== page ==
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The Way That Water Enters Stone: Stories

4.07  ·  Rating Details  ·  97 Ratings  ·  13 Reviews
A Louisiana farmer sees the images of Christ appear on the freezer door and questions the meaning of faith. In a Maine resort town, Miss Langevin, a spinster who could write a book on disappointment, now gets a chance to help another woman escape it. And in the title story, a science teacher's modest dreams and painful memories erode his existence like water entering stone ...more
Paperback, 256 pages
Published January 1st 1997 by Plume (first published 1991)
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Sarah Pascarella
Jun 10, 2012 Sarah Pascarella rated it really liked it  ·  review of another edition
Brilliant short fiction from Dufresne that gives voice to the anonymous blue collar residents of Worcester, Monroe, Belle Glade, and other small towns throughout the North- and Southeast. Economical, spare, and unsentimental, Dufresne's short stories pay close attention to the everyday, the everyman, and the gradual eroding of hopes, dreams, aspirations in exchange for just getting by. There's no such thing as thriving in these stories -- it's all simply survival. He's also a master of setting/p ...more
Kelsey Prosser
Mar 31, 2015 Kelsey Prosser rated it liked it
I feel rather torn between a two or three star rating. I settled with three because I did find more enjoyable about these stories than unpleasant. The book gathered and composed itself the further along I read.

There were a number stories in the beginning I felt ended more abruptly than mysteriously. I enjoy an unfinished cliff hanger of a story that leaves the reader to assume an ending of their own creation, but there were a few in this collection that felt more as if Dufresne simply submitted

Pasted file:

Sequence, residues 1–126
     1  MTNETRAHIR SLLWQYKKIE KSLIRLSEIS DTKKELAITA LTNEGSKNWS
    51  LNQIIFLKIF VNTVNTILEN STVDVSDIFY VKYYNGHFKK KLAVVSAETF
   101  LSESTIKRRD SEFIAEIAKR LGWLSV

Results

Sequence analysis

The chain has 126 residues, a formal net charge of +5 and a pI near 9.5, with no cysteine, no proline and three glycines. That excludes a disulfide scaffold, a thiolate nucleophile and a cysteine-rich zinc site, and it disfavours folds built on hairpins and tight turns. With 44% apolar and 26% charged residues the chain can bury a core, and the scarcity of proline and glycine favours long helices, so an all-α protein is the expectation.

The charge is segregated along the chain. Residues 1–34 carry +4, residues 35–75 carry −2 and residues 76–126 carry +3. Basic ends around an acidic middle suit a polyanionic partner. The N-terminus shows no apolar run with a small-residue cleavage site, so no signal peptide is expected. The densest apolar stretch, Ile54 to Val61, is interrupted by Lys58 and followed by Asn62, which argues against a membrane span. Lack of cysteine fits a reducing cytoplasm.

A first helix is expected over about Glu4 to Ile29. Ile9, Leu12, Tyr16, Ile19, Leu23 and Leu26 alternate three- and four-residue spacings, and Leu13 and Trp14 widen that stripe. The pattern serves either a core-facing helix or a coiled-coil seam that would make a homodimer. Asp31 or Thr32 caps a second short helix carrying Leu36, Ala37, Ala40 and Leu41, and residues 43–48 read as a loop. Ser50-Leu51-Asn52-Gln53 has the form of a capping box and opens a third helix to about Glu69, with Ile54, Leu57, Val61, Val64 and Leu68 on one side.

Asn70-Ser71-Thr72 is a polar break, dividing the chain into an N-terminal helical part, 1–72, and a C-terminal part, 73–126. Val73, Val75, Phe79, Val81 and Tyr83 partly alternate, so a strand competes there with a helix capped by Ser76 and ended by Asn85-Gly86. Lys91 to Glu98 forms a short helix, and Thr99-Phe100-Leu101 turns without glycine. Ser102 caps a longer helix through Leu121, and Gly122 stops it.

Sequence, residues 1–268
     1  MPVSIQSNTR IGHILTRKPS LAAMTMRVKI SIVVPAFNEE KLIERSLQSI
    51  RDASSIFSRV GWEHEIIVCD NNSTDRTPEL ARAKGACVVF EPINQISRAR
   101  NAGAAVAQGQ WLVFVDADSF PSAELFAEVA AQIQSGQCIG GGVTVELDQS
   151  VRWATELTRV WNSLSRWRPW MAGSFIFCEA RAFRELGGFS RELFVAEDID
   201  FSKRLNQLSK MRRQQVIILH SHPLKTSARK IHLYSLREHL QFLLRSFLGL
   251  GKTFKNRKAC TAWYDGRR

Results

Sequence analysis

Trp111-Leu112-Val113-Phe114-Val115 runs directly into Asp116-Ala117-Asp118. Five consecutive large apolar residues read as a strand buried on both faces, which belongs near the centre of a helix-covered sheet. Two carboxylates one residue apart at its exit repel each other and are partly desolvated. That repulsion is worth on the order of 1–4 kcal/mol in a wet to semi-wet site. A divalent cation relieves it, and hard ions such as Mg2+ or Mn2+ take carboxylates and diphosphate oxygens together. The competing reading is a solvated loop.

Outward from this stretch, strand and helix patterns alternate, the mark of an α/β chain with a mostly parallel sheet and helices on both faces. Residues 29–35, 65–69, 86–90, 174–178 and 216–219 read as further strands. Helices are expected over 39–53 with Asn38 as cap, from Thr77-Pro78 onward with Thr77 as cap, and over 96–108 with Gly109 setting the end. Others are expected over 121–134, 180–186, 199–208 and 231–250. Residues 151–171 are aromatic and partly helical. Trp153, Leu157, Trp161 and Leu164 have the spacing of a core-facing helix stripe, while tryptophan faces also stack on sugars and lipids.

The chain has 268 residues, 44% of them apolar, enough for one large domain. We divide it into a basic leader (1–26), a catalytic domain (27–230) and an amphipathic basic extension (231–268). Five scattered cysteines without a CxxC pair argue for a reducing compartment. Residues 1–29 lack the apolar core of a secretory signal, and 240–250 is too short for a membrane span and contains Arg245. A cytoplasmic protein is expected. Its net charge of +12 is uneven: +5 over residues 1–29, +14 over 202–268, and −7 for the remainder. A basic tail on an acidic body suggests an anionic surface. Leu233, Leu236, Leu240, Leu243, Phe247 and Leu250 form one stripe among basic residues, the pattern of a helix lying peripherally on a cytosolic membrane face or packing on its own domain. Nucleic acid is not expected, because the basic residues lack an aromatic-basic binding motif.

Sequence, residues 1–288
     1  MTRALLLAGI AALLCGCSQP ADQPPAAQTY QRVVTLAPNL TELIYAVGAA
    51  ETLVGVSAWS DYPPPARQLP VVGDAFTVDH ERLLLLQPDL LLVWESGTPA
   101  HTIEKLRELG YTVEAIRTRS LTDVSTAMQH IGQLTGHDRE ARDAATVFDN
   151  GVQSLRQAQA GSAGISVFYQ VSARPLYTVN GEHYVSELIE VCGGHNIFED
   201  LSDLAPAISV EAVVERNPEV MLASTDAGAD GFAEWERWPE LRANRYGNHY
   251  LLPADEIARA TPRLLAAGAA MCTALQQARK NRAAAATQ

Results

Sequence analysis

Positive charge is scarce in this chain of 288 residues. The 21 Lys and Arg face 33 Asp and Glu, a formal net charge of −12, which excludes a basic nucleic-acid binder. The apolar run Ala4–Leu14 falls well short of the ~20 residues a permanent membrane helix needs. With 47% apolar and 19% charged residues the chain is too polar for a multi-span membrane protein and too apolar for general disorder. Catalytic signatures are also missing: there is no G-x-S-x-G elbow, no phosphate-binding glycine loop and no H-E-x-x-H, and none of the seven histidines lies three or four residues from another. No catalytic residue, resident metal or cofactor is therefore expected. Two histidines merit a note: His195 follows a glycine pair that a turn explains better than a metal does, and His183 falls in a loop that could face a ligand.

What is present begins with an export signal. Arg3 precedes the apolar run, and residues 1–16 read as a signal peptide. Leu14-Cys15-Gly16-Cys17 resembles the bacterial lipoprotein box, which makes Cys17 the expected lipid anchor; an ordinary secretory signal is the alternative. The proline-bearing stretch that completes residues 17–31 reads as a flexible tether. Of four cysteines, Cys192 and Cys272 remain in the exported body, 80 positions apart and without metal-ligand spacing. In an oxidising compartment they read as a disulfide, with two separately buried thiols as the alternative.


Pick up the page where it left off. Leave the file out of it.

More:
Aug 21, 2012 Priscilla rated it it was amazing
I'm not always a big fan of short story collections, but I really liked this one. Dufresne manages to fully develop characters in just a few pages, and left me feeling I knew his subjects personally. Some of the stories are a bit depressing, but I enjoyed them.
Paul Secor
John Dufresne is one of the cats - a great writer, even if the literary establishment doesn't seem to recognize him as such. That's their loss.
Dec 28, 2007 Chip rated it really liked it
An often overlooked writer. These are great short stories. Compelling. Nobody ever talks about Dufresne, so I will: He needs reading.
Jun 30, 2007 Stephanie rated it really liked it
Man, these are some perfect stories that make the form proud.
May 15, 2010 Margaret rated it it was amazing
Best Short stories ever.
Oct 25, 2014 David rated it it was amazing  ·  review of another edition
My second John Dufresne book confirms what the first (Johnny Too Bad: Stories) suggested: he is a fantastic writer, and surely deserving of some sort of America's Most Overlooked Author award. The stories in this, his first collection, are perhaps more conventional than those in Johnny Too Bad, but are every bit as good. I'm now very much looking forward to trying some of his novels.
Deborah Schuff
Jun 07, 2014 Deborah Schuff rated it it was amazing
Shelves: fiction
Charming stories about flawed, unhappy people doing what they can for themselves and others. The author is very kind and non-judgmental toward his characters. I will definitely be reading his novels.
Jun 19, 2014 Kyra rated it it was amazing
Damn, this is great reading !
Dec 03, 2008 Tara rated it really liked it
As others have commented, Dufresne writes some great stories, some sad tales with great doses of humor. I wonder why I've never heard of him before - he's like a wonderful mix of Barry Hannah and Alice Munro. I didn't actually love the final story (otherwise I probably would've given this book 5 stars) except for the great line at the end about the picture of Fontana's fetus: "What you see in the picture is this cranium and spinal cord. Looks like a number 9 or a banjo." That's classic.
Linda Ragusano
Jun 19, 2007 Linda Ragusano rated it really liked it
A beautiful collection of short stories
Nov 29, 2008 Amanda rated it it was amazing
I like short stories, and I think this guy does them really well. Varied enough, but holds on to his voice.
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John Dufresne teaches in the Master of Fine Arts Creative Writing program at Florida International University. He is a French-Canadian born in America.
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